Fun was had at the Cúirt opening at the City Museum last night. I himmed and hawed about going (I get fed up dragging my kids everywhere with me - car-crying, feeding them, keeping them entertained during lots of speeches, general longing to be free, if only for a few hours...also longing for a glass of vino which my 40 mile drive home prevents me having, grrr.)
Anyway, my good writer-pal Órfhlaith Foyle said she'd come with me, so I packed up the car and headed in to Galway. I'm glad I did; it was just good to see everyone all giddy and positive in that way that Cúirt affects people. As Dep Mayor Peter Keane said: 'Cúirt puts the writers and the readers at the heart of what it does.' And that makes it feel friendly and inclusive.
This is the 25th anniversary of Cúirt, which started as a poetry festival in 1986. Maureen Kennelly admitted they've had 'a challenging few days' because of the volcanic ash cloud which has prevented some writers from travelling. Damn Eyjafjallajökull. Anyway, some people's loss is other's gain - Órfhlaith Foyle is filling in for Tessa Hadley at 1pm in the Town Hall today.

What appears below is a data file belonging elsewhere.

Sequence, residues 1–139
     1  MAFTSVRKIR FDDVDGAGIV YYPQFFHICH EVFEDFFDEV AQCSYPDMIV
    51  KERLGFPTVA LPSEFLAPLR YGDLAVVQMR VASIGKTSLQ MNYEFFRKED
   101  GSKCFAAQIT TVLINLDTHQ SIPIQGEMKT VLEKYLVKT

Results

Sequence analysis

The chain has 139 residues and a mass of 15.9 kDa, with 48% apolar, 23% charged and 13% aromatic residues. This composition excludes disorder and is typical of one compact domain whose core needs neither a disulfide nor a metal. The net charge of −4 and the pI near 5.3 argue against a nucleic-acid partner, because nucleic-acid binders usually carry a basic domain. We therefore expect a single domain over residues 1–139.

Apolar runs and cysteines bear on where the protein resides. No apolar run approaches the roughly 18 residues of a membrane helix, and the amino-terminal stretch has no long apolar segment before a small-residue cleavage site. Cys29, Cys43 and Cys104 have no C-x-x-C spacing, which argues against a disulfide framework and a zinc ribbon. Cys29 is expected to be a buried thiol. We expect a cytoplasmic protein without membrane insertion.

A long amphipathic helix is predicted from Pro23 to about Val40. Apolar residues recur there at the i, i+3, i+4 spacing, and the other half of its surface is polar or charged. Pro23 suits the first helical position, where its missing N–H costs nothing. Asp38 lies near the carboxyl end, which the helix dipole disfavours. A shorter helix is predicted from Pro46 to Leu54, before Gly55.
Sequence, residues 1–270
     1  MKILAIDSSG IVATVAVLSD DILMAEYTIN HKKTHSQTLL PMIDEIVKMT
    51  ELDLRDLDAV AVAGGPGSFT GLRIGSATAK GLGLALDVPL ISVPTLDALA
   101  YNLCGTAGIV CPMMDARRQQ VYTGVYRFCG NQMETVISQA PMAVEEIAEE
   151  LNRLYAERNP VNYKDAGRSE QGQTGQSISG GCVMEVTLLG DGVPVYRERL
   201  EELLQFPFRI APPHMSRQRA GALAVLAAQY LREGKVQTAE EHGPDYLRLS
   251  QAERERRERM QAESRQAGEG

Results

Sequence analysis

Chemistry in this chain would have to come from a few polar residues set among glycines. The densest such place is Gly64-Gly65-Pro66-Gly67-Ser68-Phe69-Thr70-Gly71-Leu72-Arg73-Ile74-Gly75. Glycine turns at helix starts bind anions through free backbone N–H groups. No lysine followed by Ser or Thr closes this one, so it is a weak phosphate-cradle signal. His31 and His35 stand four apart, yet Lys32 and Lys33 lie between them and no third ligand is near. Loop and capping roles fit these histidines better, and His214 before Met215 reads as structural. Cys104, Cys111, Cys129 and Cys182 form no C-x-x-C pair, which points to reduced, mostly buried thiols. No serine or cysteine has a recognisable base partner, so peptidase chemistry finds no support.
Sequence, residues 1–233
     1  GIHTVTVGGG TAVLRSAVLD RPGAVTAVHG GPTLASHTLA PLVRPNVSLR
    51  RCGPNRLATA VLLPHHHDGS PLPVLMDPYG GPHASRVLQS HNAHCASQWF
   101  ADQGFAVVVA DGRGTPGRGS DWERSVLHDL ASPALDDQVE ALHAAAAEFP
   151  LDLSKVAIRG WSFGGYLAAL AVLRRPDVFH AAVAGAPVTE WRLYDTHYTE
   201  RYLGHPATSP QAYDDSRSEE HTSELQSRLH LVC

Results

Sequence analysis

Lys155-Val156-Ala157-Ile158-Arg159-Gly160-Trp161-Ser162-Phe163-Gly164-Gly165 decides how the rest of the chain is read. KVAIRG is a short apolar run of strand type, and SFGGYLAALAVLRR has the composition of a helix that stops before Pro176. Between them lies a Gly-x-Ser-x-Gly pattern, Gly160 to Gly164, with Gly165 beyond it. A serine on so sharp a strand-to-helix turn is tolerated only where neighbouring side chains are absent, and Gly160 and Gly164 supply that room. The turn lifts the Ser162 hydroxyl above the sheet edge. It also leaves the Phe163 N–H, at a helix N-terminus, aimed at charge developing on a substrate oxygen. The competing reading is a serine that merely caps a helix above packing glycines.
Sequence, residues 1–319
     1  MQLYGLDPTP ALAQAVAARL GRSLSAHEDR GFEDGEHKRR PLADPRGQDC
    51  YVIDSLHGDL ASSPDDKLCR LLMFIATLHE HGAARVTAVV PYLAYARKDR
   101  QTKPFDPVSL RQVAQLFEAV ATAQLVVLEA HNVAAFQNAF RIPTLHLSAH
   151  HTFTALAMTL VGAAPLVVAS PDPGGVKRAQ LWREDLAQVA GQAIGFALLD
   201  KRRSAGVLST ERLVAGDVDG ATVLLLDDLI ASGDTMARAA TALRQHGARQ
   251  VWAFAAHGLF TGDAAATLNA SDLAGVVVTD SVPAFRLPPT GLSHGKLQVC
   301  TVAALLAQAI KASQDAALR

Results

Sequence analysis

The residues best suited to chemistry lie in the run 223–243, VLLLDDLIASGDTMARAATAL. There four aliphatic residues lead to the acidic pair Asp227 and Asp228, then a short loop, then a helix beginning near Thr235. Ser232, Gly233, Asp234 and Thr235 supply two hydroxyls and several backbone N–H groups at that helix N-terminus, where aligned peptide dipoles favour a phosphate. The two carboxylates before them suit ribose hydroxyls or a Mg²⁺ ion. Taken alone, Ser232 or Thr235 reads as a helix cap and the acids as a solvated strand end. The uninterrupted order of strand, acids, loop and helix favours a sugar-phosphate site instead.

Roddy Doyle, his man-bag slung across him, talked about feeling exotic as he'd come all the way from Dublin, which suddenly 'feels like abroad'. He said that 'being in Galway feels like walking around in a short story'. Anne Enright looked lovely in a pair of red shoes which are very like the ones I'm wearing for my launch on Saturday. Irish women writers rock the red patent shoe look!
Kevin Barry was there too and local scribes in abundance, including Joan McBreen and Gerardine Burke. Andrew Meehan won the Cúirt New Writing Prize for his story 'Her Way of Saying No'. Congrats, Andrew.
All in all it was a lovely evening, with the crowd spilling out of the museum to the banks of the Corrib, from which a huge heron flew over to survey the scene.